We were chasing sunsets by the lake; an old jam- Berries Hammond’s Rockaway playing in the car’s stereo. The sun cast its orange glow across the water as the wild ducks enjoyed a dip. This, a perfect recipe for nostalgia. I could smell it from afar, the memories hatching out of the subconscious, making their way into that space. The cool breeze now intoxicated by nothing but melancholy.

He chirps over the stereo, ‘I had a dream last night that I was a shaman in an ashram. ‘
We burst out laughing. Amidst long gasps, the dreamer melts my heart some more. He has struggled with religion, like every sane human being. However, yoga and meditation featured somewhere on his vision board~explains the soft spot for ashrams and temples.

‘I am seated in this yoga position facing the mystic.’

‘Who?’

‘Sadhguru himself. I was stroking his silver beard while reciting some weird mantra. I am the master of my fate and the captain of my soul.’

In case you have not heard of Sadhguru, he is a yoga mystic with a Buddhist vibe. Guys across the globe fly into different destinations to drink from his fountain of wisdom. He is basically among the few who have transcended beyond human’s greatest vice ‘desires.’ A staunch believer of the frail nature of time and humans. He once opined that human relations are not absolute. They are a constant variable. But the relationship between humans and God is absolute. If you went for ten years without praying, then decided to God will still be there. But humans…

The dreamer is my childhood buddy. We grew up together in the hood, catching butterflies and skinny dipping in God-forsaken rivers. While time has a beauty facet, its ugliness cannot be ignored. It set a wedge between us. That wedge expands and contracts depending on the traumas and adventures we missed.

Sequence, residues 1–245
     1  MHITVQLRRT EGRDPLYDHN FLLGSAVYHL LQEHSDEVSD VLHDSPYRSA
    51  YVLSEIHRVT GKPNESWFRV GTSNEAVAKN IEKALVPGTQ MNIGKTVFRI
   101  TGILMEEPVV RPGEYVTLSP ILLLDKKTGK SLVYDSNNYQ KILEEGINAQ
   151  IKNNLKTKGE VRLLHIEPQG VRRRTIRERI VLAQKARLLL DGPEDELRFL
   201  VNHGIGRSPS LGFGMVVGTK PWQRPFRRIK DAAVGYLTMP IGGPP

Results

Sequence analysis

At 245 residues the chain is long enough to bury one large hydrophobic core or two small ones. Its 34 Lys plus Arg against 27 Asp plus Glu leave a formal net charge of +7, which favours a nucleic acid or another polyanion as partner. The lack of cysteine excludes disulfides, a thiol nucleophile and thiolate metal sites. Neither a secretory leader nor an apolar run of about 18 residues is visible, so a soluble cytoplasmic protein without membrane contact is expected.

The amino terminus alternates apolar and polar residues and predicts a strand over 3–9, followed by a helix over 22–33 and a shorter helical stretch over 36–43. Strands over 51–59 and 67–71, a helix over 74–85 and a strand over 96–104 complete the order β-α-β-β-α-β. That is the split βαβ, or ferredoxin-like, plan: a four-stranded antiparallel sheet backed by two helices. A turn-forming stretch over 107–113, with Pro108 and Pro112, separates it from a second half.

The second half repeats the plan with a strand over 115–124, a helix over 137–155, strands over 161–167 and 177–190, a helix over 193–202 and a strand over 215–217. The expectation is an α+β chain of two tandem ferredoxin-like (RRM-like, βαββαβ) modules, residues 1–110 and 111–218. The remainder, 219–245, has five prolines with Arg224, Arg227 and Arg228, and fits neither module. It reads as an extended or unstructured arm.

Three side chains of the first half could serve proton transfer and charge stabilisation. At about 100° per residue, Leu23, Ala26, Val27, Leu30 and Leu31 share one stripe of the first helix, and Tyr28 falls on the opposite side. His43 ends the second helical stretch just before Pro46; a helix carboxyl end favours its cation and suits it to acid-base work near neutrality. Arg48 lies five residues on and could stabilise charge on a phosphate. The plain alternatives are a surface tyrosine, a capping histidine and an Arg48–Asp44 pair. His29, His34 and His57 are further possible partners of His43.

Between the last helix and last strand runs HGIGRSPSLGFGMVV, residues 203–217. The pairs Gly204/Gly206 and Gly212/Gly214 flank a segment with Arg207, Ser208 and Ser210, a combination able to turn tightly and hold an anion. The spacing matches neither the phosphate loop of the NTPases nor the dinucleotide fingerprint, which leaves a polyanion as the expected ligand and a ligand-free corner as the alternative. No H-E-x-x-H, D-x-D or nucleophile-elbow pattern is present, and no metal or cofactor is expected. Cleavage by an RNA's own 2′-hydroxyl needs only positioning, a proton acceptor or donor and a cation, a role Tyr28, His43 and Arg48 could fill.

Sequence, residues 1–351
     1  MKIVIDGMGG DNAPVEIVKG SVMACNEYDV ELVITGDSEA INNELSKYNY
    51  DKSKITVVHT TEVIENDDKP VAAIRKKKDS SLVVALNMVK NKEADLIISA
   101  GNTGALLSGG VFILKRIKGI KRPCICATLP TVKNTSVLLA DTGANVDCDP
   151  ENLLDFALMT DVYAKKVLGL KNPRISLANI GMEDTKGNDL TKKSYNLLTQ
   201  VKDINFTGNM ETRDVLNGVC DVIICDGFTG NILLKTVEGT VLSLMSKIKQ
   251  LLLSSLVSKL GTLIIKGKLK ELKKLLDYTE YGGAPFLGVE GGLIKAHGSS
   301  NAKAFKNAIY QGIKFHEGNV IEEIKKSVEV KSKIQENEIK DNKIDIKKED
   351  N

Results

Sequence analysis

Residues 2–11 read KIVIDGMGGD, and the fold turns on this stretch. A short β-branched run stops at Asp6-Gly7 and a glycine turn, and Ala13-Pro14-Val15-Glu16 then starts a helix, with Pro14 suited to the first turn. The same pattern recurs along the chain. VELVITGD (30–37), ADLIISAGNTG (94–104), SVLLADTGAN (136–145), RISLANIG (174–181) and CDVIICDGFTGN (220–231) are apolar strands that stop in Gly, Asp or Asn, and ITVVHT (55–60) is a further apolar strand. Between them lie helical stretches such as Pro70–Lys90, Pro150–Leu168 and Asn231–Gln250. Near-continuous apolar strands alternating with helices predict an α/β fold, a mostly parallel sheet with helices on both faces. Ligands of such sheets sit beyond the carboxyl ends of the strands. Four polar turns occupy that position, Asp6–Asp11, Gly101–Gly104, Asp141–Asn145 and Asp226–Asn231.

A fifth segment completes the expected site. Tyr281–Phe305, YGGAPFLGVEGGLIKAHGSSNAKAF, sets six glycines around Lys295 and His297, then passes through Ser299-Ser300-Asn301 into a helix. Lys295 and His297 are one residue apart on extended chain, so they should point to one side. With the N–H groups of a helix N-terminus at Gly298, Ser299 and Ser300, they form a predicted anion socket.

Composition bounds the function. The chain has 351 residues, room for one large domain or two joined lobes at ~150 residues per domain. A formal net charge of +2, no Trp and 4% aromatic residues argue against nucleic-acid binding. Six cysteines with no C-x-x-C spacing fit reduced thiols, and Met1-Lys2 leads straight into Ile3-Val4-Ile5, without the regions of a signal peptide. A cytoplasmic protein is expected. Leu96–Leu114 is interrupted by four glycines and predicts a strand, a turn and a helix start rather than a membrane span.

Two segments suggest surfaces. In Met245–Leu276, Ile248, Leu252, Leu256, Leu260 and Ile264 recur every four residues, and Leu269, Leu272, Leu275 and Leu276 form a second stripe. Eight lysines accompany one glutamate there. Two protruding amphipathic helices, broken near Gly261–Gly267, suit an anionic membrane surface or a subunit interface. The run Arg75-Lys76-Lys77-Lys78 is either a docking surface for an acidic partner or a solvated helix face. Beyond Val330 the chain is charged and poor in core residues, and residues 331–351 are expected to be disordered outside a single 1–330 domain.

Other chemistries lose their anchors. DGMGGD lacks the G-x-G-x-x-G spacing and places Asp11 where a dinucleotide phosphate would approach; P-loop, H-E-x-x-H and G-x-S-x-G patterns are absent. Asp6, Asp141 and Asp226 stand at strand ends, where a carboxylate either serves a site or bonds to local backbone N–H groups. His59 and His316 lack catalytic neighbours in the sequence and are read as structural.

‘I dreamt, we were seven again, catching grasshoppers in the forest. ‘

He laughs. His big eyes lighting up the space.

‘But you were always so scared of grasshoppers.’

‘The big ones scared me. ‘

‘Just like kids don’t scare me. But adults, oh Lord!’

‘Is it the baggage they have collected along the way or what exactly?’

‘Remember when we were kids? We were so comfortable and vulnerable with each other. No room for judgment, or ego or the pretending. We were plain. But then you grow up and shit just changes.’

Over the horizon, the sun painted the sky red, birds in the sky gracefully flying. I guess heading back home to their nests or loved ones.

‘What would you change about your childhood?’

I ask the dreamer.

‘Nothing much. Coming to think of it, we had little control over what our childhoods were. But now as grown-ups we can actually change how it mold us.’

‘For me, I would lessen the trauma.’

‘The trauma had nothing to do with you. You were caught up between two adults with a lot of baggage, trying to fix their mistakes through you. They were probably learning, what it means to actually love unconditionally through you.’

‘They failed.’

‘Successfully.’

Ah. Childhood.

One thing about growing up, it scares the shit out of every one. When we are young, time shows the glory of its beauty but when we grow older, its claws show. In between, we undergo an alchemy. A harrowing one. No one ever comes out of the alchemy whole. We collect baggage, lose a virtue, break expectations and eventually lose our minds. And then we find something to believe in; football, God or music. Somewhere along the way we meet someone broken enough to understand our brokenness.

Darkness starts creeping into the atmosphere around us. The water reflects the full moon. We just sit there. In utter silence. Probably trying to grasp the time that passed between us or fixing band aids on the wounds time had caused us. He sighs deeply.

‘But then again, who would we be without the scars?’

‘Disillusioned adults.’

‘Aha. See.’

Eventually, it all makes sense